Poem A Day Prompt: GO OUTDOORS

highfields-boating-lakeSince I’ve moved to Nottingham, I’ve fallen a little bit in love with Highfields Park and the lake, which sits at the edge of Nottingham University campus.

Over the past six months, we’ve been on plenty of walks and runs around its perimeter (and hired a rowing boat once), but the past couple of days have been so gorgeous that I’ve been able to sit in the sunshine and write.

Part of me feels a bit hypocritical, after having always considered people writing on laptops in public to be a bit wanky. But one thing I’ve learned this year – having so much self directed time – is that spending every day in your own house, with no need to change out of your pyjamas, is not as brilliant as it sounds. In fact, you can end up feeling a bit stir crazy, and definitely not so motivated to write.

So this morning I got up and out by 8am and headed to the lake. I sat with my wanky coffee and wanky laptop and started writing, expecting to come out with something Wordsworth or Blake might be happy with, reflective of my verdant, tranquil surroundings.

Instead, I spent an hour staring at a little island on the lake and thinking about the scary geese that lived there, and wrote the following poem about the goose mafia that I imagine run this joint.

Emily x

Highfields Park Waterfall, Nottingham

Goose Island

Fuck off mate,
this is Goose Island.
No duck-heads allowed.
Tell me: which part of
‘Goose Island’
suggests we welcome
your crowd?
We earned this place.
Won it, fair and square.
So go on, sling yer
ducky hook,
take yer begging elsewhere.
You chancing mallard bastards:
you’re all the bloody same.
Green headed hooligans,
the lot of yer. Yeah,
I know your game!
And why should I care, exactly,
if you saw a tufted duck
stopping by?
Not that I feel obliged
in any way to tell you,
but it’s a business thing.
A protection racket,
if you will.
They pay their bills.
We watch their backs,
and that’s it.
See, Tufty’s bright.
He keeps himself to himself.
Him and the grebes,
I don’t mind them.
They know what side
their bread floats.
They’re alright.
Not like you mallard wankers!
Now get out of my sight,
before you get
the sharp side of my tongue.
My ganders are roosting;
they need some peace and quiet.
And if you disturb our goslings
you’ll have bigger fish to fry.
Sorry, mixed metaphor.
Yeah, the Barnacle Boys, that’s right.
Go on, shake a tail feather,
before the lads shake it for you.
Protection for you, mate?
Are you yanking my beak?
Not to state the obvious pal
but right now, as we speak
you’re waddling in
the nest of the beast.
If you’ll pardon the expression.
You’ll need an ambulance,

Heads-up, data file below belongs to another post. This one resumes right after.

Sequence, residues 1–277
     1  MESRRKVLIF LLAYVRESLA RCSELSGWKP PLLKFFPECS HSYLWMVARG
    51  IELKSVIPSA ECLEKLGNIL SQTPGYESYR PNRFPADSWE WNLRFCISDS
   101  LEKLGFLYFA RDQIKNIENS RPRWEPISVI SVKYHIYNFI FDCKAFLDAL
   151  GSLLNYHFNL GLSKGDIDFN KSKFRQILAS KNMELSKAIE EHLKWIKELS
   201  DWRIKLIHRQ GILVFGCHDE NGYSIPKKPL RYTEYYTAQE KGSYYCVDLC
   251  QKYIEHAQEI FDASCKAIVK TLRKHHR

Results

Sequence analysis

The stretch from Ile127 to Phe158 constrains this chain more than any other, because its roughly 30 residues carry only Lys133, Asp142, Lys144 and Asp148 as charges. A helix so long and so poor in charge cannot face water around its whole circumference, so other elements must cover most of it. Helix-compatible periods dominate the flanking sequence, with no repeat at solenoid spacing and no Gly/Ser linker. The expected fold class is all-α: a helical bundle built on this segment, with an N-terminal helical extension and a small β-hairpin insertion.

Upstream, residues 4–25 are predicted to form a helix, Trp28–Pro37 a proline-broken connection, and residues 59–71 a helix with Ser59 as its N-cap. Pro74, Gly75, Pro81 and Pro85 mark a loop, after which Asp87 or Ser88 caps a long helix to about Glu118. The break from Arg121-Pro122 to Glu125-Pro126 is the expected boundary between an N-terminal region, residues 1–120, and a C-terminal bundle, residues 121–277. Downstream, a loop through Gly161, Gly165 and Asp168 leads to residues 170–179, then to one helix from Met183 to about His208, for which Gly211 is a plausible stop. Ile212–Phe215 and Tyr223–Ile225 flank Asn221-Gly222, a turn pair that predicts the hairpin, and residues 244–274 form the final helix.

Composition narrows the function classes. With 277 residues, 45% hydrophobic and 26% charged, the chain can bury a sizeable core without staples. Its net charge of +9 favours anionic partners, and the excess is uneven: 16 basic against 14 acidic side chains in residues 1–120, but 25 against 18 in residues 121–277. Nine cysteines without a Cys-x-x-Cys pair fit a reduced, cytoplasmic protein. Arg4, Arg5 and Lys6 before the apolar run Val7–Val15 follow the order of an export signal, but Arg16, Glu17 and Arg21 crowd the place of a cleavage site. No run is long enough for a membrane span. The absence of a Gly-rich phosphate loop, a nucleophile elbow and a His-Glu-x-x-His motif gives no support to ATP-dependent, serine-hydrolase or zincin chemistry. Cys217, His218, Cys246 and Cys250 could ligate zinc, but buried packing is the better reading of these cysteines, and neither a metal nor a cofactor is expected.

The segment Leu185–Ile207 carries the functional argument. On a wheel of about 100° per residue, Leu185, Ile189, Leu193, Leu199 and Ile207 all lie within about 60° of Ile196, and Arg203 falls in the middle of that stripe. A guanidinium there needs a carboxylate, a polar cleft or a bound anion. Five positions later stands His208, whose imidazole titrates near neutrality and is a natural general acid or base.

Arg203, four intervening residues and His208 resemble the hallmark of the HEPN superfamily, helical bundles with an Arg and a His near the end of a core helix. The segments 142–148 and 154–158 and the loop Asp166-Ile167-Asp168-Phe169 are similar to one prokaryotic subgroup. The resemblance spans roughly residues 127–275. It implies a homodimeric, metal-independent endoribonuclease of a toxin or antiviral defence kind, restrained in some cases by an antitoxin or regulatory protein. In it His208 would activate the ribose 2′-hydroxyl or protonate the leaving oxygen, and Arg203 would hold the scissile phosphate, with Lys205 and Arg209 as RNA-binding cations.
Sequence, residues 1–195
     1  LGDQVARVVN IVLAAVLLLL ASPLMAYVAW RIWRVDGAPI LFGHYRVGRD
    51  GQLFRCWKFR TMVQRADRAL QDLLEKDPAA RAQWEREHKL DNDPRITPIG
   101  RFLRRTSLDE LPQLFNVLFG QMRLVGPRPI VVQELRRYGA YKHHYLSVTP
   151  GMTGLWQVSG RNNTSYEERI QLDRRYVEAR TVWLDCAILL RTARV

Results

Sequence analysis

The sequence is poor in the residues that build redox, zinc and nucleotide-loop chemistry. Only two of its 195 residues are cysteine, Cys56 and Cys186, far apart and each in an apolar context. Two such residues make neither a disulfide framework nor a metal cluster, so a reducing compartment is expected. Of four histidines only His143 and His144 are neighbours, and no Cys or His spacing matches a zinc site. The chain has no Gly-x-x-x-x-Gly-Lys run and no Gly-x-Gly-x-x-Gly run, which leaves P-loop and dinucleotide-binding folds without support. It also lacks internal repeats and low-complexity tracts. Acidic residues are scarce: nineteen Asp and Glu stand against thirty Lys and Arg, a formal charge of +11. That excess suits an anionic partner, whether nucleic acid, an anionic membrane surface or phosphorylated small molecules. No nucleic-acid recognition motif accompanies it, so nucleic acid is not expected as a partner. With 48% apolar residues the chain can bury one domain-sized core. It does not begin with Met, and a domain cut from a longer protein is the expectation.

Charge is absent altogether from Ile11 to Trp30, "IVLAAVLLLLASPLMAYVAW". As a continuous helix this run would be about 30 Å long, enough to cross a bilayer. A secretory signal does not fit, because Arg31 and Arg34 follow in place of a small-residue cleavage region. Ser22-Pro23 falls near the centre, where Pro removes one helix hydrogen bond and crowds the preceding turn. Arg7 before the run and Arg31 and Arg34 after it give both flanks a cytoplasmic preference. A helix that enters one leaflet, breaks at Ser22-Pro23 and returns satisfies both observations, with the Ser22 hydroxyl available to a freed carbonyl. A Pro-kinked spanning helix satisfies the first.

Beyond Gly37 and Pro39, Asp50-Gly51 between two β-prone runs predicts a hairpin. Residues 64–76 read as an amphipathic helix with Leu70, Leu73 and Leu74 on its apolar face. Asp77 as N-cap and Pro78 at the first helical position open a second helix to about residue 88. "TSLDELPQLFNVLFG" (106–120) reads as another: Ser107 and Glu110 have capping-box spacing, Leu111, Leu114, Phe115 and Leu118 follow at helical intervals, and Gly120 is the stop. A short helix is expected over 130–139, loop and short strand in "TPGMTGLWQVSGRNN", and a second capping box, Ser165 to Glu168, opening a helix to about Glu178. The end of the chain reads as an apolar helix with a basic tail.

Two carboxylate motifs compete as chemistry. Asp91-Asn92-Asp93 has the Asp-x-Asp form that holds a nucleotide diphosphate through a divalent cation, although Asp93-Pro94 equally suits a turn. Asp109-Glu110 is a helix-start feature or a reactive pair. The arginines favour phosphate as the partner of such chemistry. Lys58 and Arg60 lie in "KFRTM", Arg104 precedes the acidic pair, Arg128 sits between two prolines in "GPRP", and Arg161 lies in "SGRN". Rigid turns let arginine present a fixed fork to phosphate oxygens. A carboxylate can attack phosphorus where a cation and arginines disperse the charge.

not protection,
if you keep on with this quacking.
The SWANS?!?!
Bruv you’re tripping,
you’ve been on the flippin’
pond-water again.
Swans and geese
look out for each other pal.
No, I wouldn’t say we’re friends
but it’s an arrangement,
It’s what you’d aim for
with the coots, mate,
if you had any sense.
Try some ducks your own size,
lower your sights.
Try the riverbank by the café
You’ll get a few pity bites.
Toddlers and OAPs,
that’s your target group.
I mean you ever see a human
cower from a bird your size?
Well get this: the other day
I hustled curly fries
AND a meatball sub.
Just from one well-placed hiss!
No there isn’t any left, pal.
Are you takin’ the piss?!
Now go on,
I don’t wanna see your type
paddling round here again.
And from now on,
just you remember
the pecking order,
my feathered friend!

Poem A Day Prompt: Writing About Nature

When I lived in Saigon, where I never once needed to ask myself the question: ‘will I need a cardi?’ when I left the front door, it was difficult to remember why I or other British people got excited about English summer weather. We spend so much of the year in the dark, trapped inside by rain or cold, moaning about how grim everything is. And even on the best of days, you’d be a fool to leave the house without emergency layers.

But yesterday was one of those days, weather wise, that restored my faith in the seasons of England. I can’t deny I loved the constant warmth and humidity of Vietnam, but there’s another kind of loveliness to weather that makes you wait, and the palpable glee in the air that it’s finally here, the warm weather and long evenings are here at last.

I’m lucky to live right next to Attenborough Nature Reserve, and so yesterday I went there (twice) to enjoy the good weather. So did a whole host of other runners, cyclists, families and bird watchers, not to mention the countless birds they were watching.

I decided to write a poem today which attempts to recreate the atmosphere of yesterday, because I find nature poetry difficult but often love to read it. Also, because it’s not often we get a day that feels like that – the communal joy of summer weather – and I wanted to find a way to make it last.

Emily x

Attenborough Nature Reserve (credit to Lorna Griffiths).

Cruel Winter, Cruel Summer
It arrives unannounced, one evening in April.
One day ago we’d sworn we were leaving for good.
Now we wonder why we lamented the endless winter:
nothing could make us turn our backs on this.
The first kiss of summer. We first walk then run
along the canal path dovetailed with the river Trent.
We aren’t alone. For once, the geese and swans
leave the fishermen to enjoy the golden hour bliss.
The daffodils hold buttercups to their smiling chins
at the Marina. Chromatic tulips queue for ice creams.
Olympic midges weave and dive in pub garden air
barbecue thick with play park shrieking and amber ale.
We press on along the gravel path, latticed with butter light,
past the pale, patient moon; the defiant, blazing sun.
Plovers and oyster catchers wade in evening baths.
We pass a heron, shadow still. A cobalt kingfisher flash.
T shirt runners and cyclists are out of hibernation
and the sand martins pilgrimage is over at last.
We pause at a kissing gate to breathe a sigh of relief.
The cruel winter is over. For now, summer’s back.